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Title: Essays on firm location decisions
Author: Simpson, Helen
Awarding Body: University of Oxford
Current Institution: University of Oxford
Date of Award: 2007
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This thesis uses detailed plant and establishment-level data to investigate firm location decisions in a national and international context. It extends the existing empirical literature in a number of areas. First, it provides new evidence on the effects of overseas foreign direct investment (FDI) on the structure of multinational firms' home-country operations. It demonstrates that investment abroad in relatively low-wage economies is associated with plant closures in relatively. low-skill, labour-intensive industries in the UK, consistent with the theory of vertical FDI. Second, it examines location decisions within the UK. It provides evidence on the extent to which UK industries are agglomerated, and shows that many of the most geographically clustered production sector industries are older and relatively low-tech. The research then presents new evidence on the extent to which business-sector research and development (R&D) activity is located in the vicinity of university research departments in Great Britain. It finds that pharmaceuticals R&D establishments tend to locate near to both lower and highly-rated chemistry departments. The relationship is strongest with respect to chemistry departments carrying out frontier research, and is even stronger when considering only foreign-owned establishments. The thesis also investigates how the presence of potential agglomeration externalities interacts with grant schemes designed to attract firms to relatively deprived areas. The results suggest that regions' existing industrial structures have an important effect on entrants' location decisions, and that fiscal incentives have more leverage when offered in areas that also have localisation benefits. The research also presents evidence that relative wages, of skilled versus unskilled workers, vary considerably across Great Britain, and that skill-abundant regions exhibit lower skill premia than skill-scarce regions. It demonstrates that the observed spatial variation in relative wages is related to differences in regions' industrial structures with skill-abundant regions housing a higher concentration of skill-intensive manufacturing industries.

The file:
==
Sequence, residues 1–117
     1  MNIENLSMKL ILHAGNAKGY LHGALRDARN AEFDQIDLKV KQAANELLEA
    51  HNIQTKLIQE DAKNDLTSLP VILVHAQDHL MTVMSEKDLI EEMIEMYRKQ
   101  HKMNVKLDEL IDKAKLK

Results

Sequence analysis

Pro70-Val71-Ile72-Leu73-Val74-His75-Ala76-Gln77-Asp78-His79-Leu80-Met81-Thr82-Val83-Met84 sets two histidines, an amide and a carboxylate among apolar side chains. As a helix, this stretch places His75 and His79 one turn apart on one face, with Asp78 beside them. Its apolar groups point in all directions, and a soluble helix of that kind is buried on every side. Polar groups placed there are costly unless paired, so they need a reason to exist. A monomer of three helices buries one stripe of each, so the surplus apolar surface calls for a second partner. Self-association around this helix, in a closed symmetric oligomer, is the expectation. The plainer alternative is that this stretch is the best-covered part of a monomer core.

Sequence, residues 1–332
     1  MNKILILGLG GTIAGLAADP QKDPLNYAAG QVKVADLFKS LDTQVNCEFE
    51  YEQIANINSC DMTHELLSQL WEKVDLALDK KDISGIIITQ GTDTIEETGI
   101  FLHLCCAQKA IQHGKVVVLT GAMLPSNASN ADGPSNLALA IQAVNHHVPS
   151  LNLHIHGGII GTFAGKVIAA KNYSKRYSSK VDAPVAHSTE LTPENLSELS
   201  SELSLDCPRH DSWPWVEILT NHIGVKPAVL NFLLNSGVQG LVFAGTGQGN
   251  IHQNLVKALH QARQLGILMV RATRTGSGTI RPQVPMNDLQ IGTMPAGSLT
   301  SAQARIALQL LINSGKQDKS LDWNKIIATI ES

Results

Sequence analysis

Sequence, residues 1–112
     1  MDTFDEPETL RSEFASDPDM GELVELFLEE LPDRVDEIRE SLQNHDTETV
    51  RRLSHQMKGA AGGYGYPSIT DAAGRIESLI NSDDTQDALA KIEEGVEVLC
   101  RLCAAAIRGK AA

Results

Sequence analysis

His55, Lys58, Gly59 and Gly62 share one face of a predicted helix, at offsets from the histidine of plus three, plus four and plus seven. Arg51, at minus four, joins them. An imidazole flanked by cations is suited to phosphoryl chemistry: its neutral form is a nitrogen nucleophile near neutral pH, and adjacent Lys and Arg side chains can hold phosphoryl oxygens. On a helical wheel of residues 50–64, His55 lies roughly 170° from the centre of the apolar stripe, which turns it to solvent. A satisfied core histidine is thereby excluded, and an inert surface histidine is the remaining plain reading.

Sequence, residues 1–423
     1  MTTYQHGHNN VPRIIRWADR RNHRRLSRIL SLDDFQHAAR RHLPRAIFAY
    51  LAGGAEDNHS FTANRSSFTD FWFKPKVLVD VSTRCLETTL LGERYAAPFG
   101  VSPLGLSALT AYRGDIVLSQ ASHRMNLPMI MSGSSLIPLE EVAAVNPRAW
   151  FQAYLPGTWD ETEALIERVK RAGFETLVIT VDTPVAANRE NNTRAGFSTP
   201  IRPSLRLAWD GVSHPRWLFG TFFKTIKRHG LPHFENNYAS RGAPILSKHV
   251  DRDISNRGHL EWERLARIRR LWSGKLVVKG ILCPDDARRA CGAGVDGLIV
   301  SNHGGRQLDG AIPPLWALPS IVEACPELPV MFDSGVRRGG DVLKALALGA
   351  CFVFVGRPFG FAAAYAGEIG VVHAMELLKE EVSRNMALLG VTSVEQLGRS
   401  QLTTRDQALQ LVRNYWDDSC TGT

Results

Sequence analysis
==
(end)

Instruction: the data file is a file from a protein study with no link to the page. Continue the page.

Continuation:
Supervisor: Not available Sponsor: Not available
Qualification Name: Thesis (Ph.D.) Qualification Level: Doctoral
EThOS ID:  DOI: Not available